Chapter 7 Law Firm In Terre Haute Indiana
What Is The Difference Between Chapter 7 and Chapter 13 Bankruptcy?
In a Chapter 7 proceeding, you are asking the court to eliminate, or discharge the amount of debts allowed by Chapter 7 regulations. You may in addition, lose some assets, depending on the particulars of you situation. In Chapter 13, you will pay a portion of your debts while reorganizing others. You decision will be determined by the types and amount of debt you owe, your income, and the value of your assets. Rare is the situation in which you involuntarily lose assets under Chapter 13. Please consult with us prior to determining what is your best option.
Chapter 7 is referred to as “liquidation bankruptcy.” In a Chapter 7 case, you will file several forms with the court. These forms list income and expenses, assets, debts, and property transactions occurring in the past year. A court-appointed bankruptcy trustee will be assigned to oversee your case. Roughly one month after filing, you are required to attend the First Meeting of Creditors. At the meeting, the trustee reviews your forms and will ask a series of questions. If you have any non-exempt property, the trustee will as that you hand it over. The meeting is typically not lengthy. Absent challenges from any creditors, approximately three months later you will receive a discharge order, which is a notice from the court that “all debts that qualified for discharge were discharged.” At this point your case is complete.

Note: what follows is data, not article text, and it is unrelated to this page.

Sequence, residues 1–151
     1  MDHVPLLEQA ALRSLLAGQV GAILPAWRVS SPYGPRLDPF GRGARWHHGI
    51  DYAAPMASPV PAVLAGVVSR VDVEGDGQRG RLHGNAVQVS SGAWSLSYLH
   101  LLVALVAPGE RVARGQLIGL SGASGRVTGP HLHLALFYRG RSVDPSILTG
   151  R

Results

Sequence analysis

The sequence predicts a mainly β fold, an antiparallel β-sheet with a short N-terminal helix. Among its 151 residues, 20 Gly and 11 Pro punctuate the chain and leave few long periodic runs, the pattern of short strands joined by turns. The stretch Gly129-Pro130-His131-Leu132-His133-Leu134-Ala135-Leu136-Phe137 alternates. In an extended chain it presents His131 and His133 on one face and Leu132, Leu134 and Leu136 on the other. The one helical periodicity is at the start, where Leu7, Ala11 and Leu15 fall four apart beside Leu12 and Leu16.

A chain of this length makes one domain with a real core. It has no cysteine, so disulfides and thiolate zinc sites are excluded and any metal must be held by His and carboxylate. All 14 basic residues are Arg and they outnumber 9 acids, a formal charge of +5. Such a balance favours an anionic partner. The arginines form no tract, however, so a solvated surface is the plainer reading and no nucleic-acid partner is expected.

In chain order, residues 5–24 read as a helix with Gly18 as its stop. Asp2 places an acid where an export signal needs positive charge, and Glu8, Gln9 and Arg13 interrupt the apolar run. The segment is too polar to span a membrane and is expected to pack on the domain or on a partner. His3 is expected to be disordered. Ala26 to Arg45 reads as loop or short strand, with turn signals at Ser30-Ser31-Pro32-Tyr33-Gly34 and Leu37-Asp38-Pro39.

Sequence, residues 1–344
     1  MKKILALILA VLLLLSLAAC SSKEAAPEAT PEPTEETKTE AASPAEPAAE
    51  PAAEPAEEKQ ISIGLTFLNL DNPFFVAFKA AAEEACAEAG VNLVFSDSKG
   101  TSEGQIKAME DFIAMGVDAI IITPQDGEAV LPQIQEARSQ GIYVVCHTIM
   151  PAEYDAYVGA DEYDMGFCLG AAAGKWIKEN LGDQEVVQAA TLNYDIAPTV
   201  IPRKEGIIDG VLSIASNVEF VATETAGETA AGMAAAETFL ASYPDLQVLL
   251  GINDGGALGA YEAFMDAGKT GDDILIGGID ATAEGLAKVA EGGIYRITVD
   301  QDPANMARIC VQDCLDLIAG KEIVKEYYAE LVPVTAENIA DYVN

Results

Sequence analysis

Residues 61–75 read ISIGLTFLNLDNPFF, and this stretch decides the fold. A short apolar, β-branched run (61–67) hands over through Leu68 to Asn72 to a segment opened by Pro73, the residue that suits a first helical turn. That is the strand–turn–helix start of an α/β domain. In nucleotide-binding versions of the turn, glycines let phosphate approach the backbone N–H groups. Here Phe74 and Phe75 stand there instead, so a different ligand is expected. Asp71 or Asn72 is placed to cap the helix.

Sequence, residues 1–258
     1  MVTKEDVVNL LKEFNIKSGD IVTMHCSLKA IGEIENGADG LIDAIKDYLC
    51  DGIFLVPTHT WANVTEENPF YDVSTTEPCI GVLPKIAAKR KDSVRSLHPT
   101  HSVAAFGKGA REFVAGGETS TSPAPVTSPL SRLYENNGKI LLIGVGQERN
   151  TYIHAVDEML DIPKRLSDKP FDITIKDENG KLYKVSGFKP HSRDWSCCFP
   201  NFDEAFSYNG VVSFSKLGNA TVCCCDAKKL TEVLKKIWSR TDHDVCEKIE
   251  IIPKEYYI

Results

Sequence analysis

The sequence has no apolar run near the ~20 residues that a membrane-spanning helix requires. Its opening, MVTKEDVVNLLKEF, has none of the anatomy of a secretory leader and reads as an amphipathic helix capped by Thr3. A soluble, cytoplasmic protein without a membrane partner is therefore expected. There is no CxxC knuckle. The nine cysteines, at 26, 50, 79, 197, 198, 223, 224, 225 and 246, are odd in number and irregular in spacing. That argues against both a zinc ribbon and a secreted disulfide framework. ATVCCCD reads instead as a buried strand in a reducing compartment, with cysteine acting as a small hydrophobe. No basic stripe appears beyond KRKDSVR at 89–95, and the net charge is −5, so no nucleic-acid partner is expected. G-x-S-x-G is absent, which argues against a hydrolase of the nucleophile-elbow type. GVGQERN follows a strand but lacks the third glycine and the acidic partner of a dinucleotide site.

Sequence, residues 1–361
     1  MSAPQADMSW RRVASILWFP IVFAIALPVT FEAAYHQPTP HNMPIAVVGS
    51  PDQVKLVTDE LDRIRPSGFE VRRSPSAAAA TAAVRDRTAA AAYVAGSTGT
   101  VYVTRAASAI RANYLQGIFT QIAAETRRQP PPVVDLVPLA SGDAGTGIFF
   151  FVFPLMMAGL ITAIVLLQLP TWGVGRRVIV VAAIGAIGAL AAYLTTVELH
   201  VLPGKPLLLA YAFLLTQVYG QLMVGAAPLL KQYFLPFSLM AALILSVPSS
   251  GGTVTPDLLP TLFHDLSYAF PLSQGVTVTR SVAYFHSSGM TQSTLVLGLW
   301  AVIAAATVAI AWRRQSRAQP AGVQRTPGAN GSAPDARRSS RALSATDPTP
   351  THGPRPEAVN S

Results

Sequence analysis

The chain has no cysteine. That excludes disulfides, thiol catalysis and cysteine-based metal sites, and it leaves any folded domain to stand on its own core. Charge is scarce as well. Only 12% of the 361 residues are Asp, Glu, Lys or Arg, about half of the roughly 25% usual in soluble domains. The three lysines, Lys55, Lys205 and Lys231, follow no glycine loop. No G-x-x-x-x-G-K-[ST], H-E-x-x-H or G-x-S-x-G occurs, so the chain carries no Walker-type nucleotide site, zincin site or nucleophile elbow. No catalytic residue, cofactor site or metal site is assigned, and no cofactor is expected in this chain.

Chapter 13 is referred to as “reorganization bankruptcy.” You are required to file many of the same forms that you would file in a Chapter 7 proceeding. In addition, you will file a proposed repayment plan, in which you detail how you intend to repay your debts over the course of the next 3-5 years. Some debts must be repaid in fill. Other debts require a percentage to be paid. Other debts are not required to be paid at all. Some debts will require interest payments. Some debts are paid at the beginning of your plan, whereas others are paid at the end of your plan. The Court will assign a bankruptcy trustee to oversee your case and handle your payment plan.
After filing, you will be required to attend a First Meeting of Creditors (6-7 weeks after filing). If the trustee approves your plan for payment, he or she will submit it to approval by the judge. Approximately 5 months after this meeting, the judge will typically confirm your plan if no creditor has opposed it.
If for some reason a creditor or the trustee objects to your plan, the judge will likely hold a hearing at the Confirmation Hearing to determine the status of your plan and hear the objection. If your plan is confirmed and you make all payments set forth within the plan, it will result in a discharge of any balance owed on all dischargeable debts at the end of your case. Please consult with us when determining which type of bankruptcy is your best option.
Who Can File A Chapter 7 Bankruptcy?
In order to file a Chapter 7 bankruptcy, you are required to have a place of residence, a place of business, or property in the United States. You are not required to be employed in order to file a Chapter 7 bankruptcy petition. In addition to these requirements, you must not have: